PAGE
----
The idea behind the institution of exemption is that the perpetrator is given the possibility of reintegration to society, and it reflects the opinion according to which the perpetrator is capable of such reintegration. At the same time collecting actual data into a continuously updated huge and searchable database of an international computer system might make the actual functioning of the institution of exemption difficult. According to the effective criminal procedure law the court announces its decision publicly even in case the public is excluded from the trial”.92 Naturally, the local newspaper may cover the event, and the article may enter the electronic database of the newspaper, and remain retrievable for decades. Data are accumulating on the internet: although the present norm (IPv4) is gradually replaced by a new one (IPv6),93 the Internet based on the earlier norms will be so to say “assimilated” by the new one; in other words the data content of the enormous database will remain. How is it possible to avoid the situation in which the employer seeking for employees does not rely on internet browsers to filter out previous convicts? The institution of exemption may easily become empty: a highly sophisticated legal regulation is needed to guarantee the enforcement of the rights of the individual. “Oblivion” does not exist any more, the barriers of cross-checking data cease to exist. Any information that has ever been publicized on the internet may be matched with any other such information. There are already certain projects with the goal of saving regularly the entire data content of the internet, and ensuring a technology that makes searches available not only within the data content contemporary with the search, but within a given time or timeframe in the past.94 Is the solution perhaps the enforcement of norms prescribing the publishing of corrections?95 Or is the answer the right for deletion granted by data protection regulations? Not likely. The goal of exemption is granting exactly the possibility of “tabula rasa” for the convict, creating a situation in which he does not have to deal with his past, while the enforcement of the above legal tools force him to account for his deeds. In case a person concerned lived at two different places, one place at the time he committed the crime and another one where he returned after serving his term, he could count on the possibility of starting a new life at the time the institution of exemption was formulated. The scope of privacy, however, has narrowed down due to the internet, which offers a never ending presence and is available for everybody: the solution could perhaps be provided by a legal regulation making a distinction between, on the one hand, present time, temporary publicity (the publicity of a trial, or perhaps even the publicity offered by paper based media that make the fast cross-check of information difficult) and on the other forms of publicity that render eternal availability (in human standards) to information that would otherwise be forgotten.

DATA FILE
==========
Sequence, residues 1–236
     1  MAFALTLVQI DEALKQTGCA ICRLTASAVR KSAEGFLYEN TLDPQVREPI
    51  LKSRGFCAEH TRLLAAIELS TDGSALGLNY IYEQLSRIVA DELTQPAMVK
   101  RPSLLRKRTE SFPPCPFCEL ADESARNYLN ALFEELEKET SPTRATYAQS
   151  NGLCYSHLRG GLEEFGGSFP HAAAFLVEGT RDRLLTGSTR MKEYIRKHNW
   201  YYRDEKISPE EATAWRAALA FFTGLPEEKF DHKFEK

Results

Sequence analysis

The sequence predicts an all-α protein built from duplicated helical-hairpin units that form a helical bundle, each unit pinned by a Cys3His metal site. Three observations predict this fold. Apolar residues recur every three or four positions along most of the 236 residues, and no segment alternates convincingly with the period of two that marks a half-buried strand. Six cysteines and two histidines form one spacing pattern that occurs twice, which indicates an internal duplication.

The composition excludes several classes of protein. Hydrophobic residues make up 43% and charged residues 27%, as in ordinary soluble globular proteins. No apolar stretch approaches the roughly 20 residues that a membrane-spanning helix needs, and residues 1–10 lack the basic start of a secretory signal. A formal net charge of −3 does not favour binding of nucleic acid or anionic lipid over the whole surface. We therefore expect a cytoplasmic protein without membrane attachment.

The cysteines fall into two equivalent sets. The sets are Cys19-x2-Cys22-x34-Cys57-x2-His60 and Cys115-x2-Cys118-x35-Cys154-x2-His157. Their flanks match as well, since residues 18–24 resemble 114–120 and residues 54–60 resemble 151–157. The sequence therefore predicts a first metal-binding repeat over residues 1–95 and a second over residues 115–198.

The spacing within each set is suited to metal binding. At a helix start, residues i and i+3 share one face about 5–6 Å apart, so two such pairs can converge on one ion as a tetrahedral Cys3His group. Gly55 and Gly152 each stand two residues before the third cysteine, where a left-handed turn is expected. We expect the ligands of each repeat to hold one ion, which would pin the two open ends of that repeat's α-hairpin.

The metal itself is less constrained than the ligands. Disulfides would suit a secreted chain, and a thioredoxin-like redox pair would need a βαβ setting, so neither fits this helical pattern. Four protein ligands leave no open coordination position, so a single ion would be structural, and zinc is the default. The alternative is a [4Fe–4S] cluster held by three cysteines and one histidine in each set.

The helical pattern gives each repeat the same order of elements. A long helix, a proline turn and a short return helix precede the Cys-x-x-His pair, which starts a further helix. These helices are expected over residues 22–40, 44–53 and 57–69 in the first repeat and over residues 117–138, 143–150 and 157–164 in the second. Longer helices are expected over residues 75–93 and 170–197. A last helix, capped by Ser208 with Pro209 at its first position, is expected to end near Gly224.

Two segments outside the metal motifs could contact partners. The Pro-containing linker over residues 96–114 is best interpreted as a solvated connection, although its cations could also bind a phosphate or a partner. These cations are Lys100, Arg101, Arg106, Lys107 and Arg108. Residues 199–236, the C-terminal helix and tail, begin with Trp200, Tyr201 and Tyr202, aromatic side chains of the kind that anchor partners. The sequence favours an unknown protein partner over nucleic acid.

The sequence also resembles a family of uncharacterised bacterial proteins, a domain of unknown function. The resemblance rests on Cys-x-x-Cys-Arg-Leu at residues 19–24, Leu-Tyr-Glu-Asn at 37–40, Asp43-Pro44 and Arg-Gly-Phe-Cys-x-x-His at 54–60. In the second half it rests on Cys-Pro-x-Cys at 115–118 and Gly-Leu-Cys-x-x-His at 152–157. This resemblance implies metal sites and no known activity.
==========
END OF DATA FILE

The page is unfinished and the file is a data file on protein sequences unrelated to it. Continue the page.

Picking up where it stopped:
6. Technology that permeates everything thus narrows the scope of privacy; apart from the legal protection of privacy new, technology-based methods of protection appear as well, and the second generation data protection norms require a reform: within the new circumstances their institutions in certain cases are explicitly disfunctional. An example illustrating the anachronism of these norms is the obligation to register in the data protection registry. This obligation appeared at the initial phases of data protection regulations: the obligation for registration and even applying for a license for a databank was a basic requirement at the time of large, centralized databanks. But the regulations of data protection registers changed while accommodating to the circumstances, and the regulations acknowledged an increasing number of exceptions. But the fact that data processing in an electronic environment has become a daily routine, may make even these less strict norms outdated.
According to the dominant legal practice of EU member state data protection authorities, IP addresses qualify as personal data if they can be associated with a particular natural person. If this point of view is accepted, the following question arises: based on the applicable law on data protection is there a need to register these logfiles (and we should stress here that such files are used by a high percentage of web servers, and are required for the sake of system security) in the data protection registries? In this case the legislator allocates a task on a large community of server operators, which I consider to be unfair: it is certainly reasonable to differentiate between masses of transaction data arriving within the structure of the internet on the one hand, and data that may indeed be associated with a person involved, and thus being more “sensitive data” on the other.
In the context defined by the new technology, as we can see, the scope of privacy narrows, and according to a top manager of the information industry, it has actually disappeared.96 Some provisions of the data protection laws are not put into practice, while data controllers who, in turn, massively ignore these rules, are burdened with unnecessary tasks. What is the way out? Is it new legal regulations? Is it the application of privacy enhancing technologies (PETs) that have been a popular topic in literature, but have shown no significant results? Perhaps a combination of all these tools?